While volunteering programs exist all over the world, the most popular destination among those surveyed was South America, which 71% said they wanted to visit. Closely following South America were Central America (63%), Africa (60%), and Asia (59%). The survey also revealed that the destinations volunteers find most appealed are heavily influenced by their own country of origin, with Americans much more likely to choose multiple locations. On a country by country basis, the most requested destinations for travel are Peru, Costa Rica, Australia, and South Africa, according to research by Lasso Communications.

It’s not just the destination that many volunteers have a preference for but also the type of work they’ll do once they arrive. Volunteers expressed the greatest interest in taking on environmental projects though community tourism and develop were almost as popular. In practice, the most requested projects for those taking on volunteer work abroad are teaching, building projects, community development, and conservation.

Perhaps the most interesting trend with regard to volunteering abroad is how willing most volunteers are to recommend the experience or to do it again. More than three quarters reported that they would recommend volunteering abroad to a friend and 87% said they were interested in embarking on another volunteer trip. This highly positive response may help students feel more confident that they own experiences overseas will be good ones.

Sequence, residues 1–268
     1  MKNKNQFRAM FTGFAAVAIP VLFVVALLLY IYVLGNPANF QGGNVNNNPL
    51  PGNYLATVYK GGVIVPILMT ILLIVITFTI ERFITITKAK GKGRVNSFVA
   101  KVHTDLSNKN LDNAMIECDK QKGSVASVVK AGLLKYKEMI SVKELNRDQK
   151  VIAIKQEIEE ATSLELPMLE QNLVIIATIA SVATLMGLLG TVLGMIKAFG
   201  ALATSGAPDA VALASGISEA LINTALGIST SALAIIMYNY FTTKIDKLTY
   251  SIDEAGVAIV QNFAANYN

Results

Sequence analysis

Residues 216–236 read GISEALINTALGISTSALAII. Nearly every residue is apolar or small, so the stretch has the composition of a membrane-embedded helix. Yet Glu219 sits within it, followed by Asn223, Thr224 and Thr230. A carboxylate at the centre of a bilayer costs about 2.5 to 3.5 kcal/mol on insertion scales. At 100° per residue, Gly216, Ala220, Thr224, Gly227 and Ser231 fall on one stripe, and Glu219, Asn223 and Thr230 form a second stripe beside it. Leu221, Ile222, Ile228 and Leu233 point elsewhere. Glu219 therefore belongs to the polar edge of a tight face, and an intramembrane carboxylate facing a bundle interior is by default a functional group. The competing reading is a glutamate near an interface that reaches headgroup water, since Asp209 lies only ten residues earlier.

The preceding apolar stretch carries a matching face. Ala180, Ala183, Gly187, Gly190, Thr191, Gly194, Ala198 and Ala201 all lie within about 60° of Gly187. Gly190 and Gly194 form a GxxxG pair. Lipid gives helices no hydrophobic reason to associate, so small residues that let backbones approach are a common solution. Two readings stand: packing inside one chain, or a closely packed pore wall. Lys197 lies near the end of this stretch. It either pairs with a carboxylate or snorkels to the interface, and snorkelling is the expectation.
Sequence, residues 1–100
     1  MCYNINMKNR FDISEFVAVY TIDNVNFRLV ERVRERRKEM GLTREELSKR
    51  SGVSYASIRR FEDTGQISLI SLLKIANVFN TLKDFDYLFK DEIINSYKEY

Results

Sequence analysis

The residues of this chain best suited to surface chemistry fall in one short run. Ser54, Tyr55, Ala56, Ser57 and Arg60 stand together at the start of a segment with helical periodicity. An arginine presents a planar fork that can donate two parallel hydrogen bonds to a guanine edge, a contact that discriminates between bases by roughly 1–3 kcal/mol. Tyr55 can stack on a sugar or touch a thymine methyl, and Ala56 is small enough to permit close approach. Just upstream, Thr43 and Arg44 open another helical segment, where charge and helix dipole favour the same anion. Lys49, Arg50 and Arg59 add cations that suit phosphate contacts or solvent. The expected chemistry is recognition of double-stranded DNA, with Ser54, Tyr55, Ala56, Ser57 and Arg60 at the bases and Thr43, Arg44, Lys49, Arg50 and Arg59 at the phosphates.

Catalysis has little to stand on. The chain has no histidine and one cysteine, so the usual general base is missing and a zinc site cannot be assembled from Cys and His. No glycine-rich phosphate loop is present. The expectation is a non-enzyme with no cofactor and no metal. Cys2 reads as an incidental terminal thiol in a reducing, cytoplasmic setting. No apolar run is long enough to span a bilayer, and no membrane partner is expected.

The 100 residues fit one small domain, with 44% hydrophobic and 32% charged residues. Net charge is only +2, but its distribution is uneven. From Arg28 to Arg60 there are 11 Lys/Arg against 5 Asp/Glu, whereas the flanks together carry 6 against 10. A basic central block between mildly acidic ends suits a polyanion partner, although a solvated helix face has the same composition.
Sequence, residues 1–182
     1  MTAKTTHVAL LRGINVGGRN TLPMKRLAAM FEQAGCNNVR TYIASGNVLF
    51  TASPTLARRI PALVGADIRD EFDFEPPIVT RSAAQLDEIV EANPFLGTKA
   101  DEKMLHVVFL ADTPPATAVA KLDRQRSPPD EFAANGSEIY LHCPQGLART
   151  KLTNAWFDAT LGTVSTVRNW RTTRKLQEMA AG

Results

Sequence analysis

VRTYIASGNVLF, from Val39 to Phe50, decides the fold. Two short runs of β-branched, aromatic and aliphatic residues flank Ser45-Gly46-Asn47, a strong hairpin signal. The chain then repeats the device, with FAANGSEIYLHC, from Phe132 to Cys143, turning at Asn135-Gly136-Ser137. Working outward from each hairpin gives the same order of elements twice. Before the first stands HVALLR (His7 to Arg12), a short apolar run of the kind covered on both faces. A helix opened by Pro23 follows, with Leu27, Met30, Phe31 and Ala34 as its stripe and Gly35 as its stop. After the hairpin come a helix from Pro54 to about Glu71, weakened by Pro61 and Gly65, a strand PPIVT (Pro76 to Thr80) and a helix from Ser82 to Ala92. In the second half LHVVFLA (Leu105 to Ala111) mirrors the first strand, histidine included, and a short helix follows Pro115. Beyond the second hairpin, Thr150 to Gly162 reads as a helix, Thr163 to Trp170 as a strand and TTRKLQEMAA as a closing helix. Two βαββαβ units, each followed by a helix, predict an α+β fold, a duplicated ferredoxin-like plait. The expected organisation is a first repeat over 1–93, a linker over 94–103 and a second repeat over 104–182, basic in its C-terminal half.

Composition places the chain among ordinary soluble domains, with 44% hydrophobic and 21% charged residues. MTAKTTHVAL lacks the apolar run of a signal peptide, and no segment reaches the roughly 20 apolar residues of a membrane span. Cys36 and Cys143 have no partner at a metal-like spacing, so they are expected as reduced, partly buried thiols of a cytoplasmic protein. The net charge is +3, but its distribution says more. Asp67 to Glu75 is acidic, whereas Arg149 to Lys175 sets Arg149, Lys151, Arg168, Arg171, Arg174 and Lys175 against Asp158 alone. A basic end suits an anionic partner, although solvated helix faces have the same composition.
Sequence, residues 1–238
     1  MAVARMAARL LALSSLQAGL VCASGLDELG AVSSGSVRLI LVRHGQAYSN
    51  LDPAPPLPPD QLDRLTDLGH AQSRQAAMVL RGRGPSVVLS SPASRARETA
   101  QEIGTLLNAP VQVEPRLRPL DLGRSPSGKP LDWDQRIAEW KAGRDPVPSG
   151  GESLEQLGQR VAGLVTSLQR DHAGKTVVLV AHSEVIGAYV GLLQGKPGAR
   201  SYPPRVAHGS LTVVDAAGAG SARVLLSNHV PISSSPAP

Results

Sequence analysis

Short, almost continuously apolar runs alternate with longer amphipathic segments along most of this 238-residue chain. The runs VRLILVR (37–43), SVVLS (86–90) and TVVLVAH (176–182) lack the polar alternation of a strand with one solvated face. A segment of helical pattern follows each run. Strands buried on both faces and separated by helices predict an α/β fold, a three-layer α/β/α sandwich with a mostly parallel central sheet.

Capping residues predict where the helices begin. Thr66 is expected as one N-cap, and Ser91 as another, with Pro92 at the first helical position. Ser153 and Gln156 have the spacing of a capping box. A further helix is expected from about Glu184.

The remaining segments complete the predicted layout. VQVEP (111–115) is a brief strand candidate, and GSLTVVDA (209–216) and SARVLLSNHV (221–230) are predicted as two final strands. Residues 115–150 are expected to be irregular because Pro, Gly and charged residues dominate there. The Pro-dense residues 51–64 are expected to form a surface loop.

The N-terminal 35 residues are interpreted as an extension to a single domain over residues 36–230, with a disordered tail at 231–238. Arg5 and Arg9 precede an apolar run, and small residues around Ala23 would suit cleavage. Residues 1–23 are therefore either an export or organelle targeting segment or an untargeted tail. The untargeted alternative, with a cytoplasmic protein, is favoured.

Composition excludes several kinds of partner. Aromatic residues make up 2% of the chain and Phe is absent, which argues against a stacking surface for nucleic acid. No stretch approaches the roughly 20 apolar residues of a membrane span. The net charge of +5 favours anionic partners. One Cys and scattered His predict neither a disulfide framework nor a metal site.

Peace Corps volunteer, Will Lindsey, in the Andes of Peru.
Peace Corps volunteer, Will Lindsey, in the Andes of Peru.

Should You Volunteer Abroad?

While volunteering abroad is a noble endeavor, not all students may be well-suited to the challenges it poses. Others may simply find that it doesn’t work well within their plans for college and will need to wait until they’ve graduated to explore these kinds of opportunities. While there’s no foolproof way to know if you’re ready to volunteer abroad, here are some questions to ask yourself before signing on for any program.

  • Can you respect other cultures even when they differ from your own? Depending on where you travel, you may encounter cultural beliefs that are very different from your own and may even make you uncomfortable. Being able to live among people you may not always agree with and be respectful of their beliefs even if you don’t share them may be a critical part of your experience abroad.